You probably know ‘one’. Maybe it’s the one black IT person at your office or the one mom in the hijab in your PTA. Maybe it’s the one Mexican family at your church or even the lone white woman in your Hip Hop aerobics class. You exchange niceties, make occasional pleasant small talk and then retreat to your separate lives. Ones seem integrated enough but for many, especially today, there’s an outsider feel to the one-ness.
I was the only black girl in class from 2nd to 6th grade. The only black girl in my English 101 class. I am the only black person at my job and the only black person in any of my three grad school classes at Texas A&M. That oneness can be barely noticeable but at times, it can be lonely. This week I’ve never felt more lonely.
If you watch the horribly gone wrong protests, or even the peaceful ones, and think that this is just about a bunch of sore losers, let me ask a favor of you. Step back and think about that one (insert minority here) in your circle. Could it be that being non-white under a presidency endorsed by the KKK makes one-ness suddenly feel not only unwelcome but even dangerous? David Duke, head of the KKK, tweeted,
“This is one of the most exciting nights of my life -> make no mistake about it, our people have played a HUGE role in electing Trump! #MAGA“
Of course every voter who supports Trump is not an extremist but world view is a funny thing. Having driven by a burning cross on a dark stretch of Oklahoma road just last month, that tweet, and many others like it, cast a shadow over this election outcome. So, if I’m your ‘one’, I’m asking something of you. Show me that you don’t hate me. Let me know that you don’t hate my child or people who look like us and not like you. Demonstrate for me that, regardless of the side of the aisle on which you stand, you decry mocking and hate. Tell me that, although violence and rioting are NOT the answer, you can at least begin to see what this loss feels like to people who are different from you. Help me not feel lonely.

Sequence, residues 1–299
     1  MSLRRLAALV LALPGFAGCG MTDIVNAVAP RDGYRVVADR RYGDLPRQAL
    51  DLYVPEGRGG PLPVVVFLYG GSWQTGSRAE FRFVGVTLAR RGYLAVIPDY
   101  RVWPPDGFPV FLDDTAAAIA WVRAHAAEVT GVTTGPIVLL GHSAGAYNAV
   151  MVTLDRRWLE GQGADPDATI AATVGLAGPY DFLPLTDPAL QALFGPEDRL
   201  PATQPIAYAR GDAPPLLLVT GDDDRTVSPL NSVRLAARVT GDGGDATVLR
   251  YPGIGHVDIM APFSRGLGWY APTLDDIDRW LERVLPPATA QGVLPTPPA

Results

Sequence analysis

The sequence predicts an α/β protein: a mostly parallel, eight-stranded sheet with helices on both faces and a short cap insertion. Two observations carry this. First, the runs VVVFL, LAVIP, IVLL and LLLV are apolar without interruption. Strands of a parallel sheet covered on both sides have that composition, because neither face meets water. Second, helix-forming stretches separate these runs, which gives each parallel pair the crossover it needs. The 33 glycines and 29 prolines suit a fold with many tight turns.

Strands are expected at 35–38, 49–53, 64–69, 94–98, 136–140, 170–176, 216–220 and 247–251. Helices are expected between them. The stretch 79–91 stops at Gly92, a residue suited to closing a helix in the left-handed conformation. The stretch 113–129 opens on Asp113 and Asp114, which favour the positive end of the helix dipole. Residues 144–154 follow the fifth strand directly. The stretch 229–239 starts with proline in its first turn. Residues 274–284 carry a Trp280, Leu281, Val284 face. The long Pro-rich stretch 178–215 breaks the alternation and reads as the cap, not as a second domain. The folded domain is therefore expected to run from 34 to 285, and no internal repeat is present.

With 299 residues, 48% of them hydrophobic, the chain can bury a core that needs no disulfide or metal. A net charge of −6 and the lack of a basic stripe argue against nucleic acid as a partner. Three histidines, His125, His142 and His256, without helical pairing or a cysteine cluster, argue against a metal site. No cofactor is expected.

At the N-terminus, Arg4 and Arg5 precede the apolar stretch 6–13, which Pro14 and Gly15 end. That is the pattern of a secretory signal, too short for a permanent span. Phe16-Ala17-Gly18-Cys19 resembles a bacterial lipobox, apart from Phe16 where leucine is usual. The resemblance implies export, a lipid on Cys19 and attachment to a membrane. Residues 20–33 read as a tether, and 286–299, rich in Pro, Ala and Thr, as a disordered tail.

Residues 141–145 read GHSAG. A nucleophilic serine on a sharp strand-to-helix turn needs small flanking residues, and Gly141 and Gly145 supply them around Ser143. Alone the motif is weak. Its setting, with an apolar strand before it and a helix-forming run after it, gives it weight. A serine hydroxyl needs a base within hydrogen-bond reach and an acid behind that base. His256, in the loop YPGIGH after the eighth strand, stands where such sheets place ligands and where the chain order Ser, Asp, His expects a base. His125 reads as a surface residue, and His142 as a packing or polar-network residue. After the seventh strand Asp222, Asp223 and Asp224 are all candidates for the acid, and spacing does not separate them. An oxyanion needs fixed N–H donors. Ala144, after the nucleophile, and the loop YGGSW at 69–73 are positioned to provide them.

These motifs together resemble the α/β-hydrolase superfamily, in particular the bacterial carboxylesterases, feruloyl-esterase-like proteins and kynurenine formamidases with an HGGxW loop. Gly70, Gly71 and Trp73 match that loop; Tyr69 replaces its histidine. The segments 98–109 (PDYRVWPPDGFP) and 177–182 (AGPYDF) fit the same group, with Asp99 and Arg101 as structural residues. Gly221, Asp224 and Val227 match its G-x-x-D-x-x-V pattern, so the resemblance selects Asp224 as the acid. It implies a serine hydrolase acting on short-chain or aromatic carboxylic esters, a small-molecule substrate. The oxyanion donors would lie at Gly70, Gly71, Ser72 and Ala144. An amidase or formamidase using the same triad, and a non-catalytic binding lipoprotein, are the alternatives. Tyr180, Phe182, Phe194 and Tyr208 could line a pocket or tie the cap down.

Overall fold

While one is the loneliest number, I’m not the only lonely one. I talked to my friend, a superstar teacher pushing her students to incredible heights in a predominantly black school and her loneliness mirrored mine. She is the ‘one’ white teacher in her group of teaching friends, a group with which she has enjoyed working closely for some time. After the elections, she suddenly found herself on the outside, viewed with subtle but tangible distrust. Her skin color had now grouped her with people who, by their vote, seemed to say that hate is ok. As we shared our stories of disillusionment with being a ‘one’, we watched our children. They are growing up together, a part of a merry band of believers that reflects the tapestry of this country’s melting pot. My son enjoys playing big brother to her musical blue-eyed 4 year old and the baby brother who smiles whenever my son’s slightly mustached face comes into view. Her little ones don’t notice that the eyes with which my child views the world shine sepia-brown or that his skin is darker, his hair curlier than theirs. They don’t know that those things mean something to some grown-ups. Sadly, my son already does. Still, as we watch our children, we take joy in the fact that we are not those grown-ups and we take solace in knowing that while changing our little corner of the world, we are helping to combat the kind of loneliness many have felt this week. We are teaching our children well.
We really are stronger together and only together can we have any chance of making America great again.